What is really changing is SAP enabling customers to choose how they manage their update cycles. Currently, SAP releases a new SPS pack for HANA every 6 months and expect customers to be within 2 SPS levels as part of the terms of their maintenance contract. For some organisations this rate of change is just too much but something they have to manage to retain support, meaning those organisations often have to live with the constant change – this constant change of their core landscape can often kill innovation.
Whilst SAP will continue to make new SPS packs available on a regular basis for HANA 2, they are also extending the maintenance period for HANA until May 2019. This enables customers who don’t want/need, or simply cannot stomach the rate of change of 2 SPS packs per year, to stick with their current HANA platform for longer, without worrying about keeping up with SPS releases.
Essentially, SAP are offering two routes to HANA, hoping that stable customers will welcome the reprieve from a support perspective with HANA, whilst innovators will welcome the ability to take advantage of new features as they are released via HANA 2. It is worth noting that SAP are still recommending customers move their stable HANA platforms to SPS 12 prior to “slowing” the update cycle.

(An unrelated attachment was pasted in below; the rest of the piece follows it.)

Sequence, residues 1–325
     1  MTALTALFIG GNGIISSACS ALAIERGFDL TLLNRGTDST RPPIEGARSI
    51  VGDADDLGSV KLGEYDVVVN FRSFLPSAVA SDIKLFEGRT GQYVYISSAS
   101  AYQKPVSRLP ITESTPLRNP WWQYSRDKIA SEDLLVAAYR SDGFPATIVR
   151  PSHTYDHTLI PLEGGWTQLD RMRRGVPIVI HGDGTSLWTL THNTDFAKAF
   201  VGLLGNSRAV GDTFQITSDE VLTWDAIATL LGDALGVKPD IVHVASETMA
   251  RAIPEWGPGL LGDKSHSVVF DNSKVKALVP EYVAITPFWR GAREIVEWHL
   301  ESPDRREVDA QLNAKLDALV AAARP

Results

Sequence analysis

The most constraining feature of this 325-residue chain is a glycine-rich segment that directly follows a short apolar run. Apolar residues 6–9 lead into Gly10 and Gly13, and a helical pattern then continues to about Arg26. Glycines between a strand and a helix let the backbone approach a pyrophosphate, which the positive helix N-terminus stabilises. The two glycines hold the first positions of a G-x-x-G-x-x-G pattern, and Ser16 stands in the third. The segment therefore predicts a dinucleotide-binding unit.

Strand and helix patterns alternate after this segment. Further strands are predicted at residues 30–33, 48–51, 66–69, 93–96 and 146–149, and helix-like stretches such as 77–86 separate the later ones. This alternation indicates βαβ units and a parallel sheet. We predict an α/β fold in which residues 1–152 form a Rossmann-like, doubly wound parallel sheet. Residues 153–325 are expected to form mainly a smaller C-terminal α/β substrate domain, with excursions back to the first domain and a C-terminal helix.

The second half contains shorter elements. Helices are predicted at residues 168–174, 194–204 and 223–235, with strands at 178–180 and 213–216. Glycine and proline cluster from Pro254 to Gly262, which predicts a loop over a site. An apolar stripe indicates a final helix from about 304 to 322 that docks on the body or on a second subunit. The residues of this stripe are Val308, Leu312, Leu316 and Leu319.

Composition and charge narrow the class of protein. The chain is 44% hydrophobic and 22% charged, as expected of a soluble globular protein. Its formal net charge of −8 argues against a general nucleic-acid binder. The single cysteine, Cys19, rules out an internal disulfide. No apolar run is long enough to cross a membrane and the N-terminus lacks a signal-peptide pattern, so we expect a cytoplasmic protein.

This approach benefits SAP as it continues to ensure customers are on a relatively recent SPS level, which aids SAP’s support functions, whilst at the same time allowing them to deliver innovation and advancement to their database platform. I see many customers taking advantage of this dual model to achieve a bi-modal landscape for their database platforms. They can use HANA to support the stable core and roll out up to date HANA 2 instances as and when needed as the agile layer. I do wonder though whether customers will simply look to HANA Cloud Platform to act as the agile layer, taking advantage of an up to date and low impact route to HANA there. Either way, this added flexibility will be a massive advantage for many customers keen to explore more advanced and innovate capabilities without the worry of impacting their BAU landscape. The easing of maintenance efforts in the BAU landscape should also free up resources to be invested into innovative initiatives.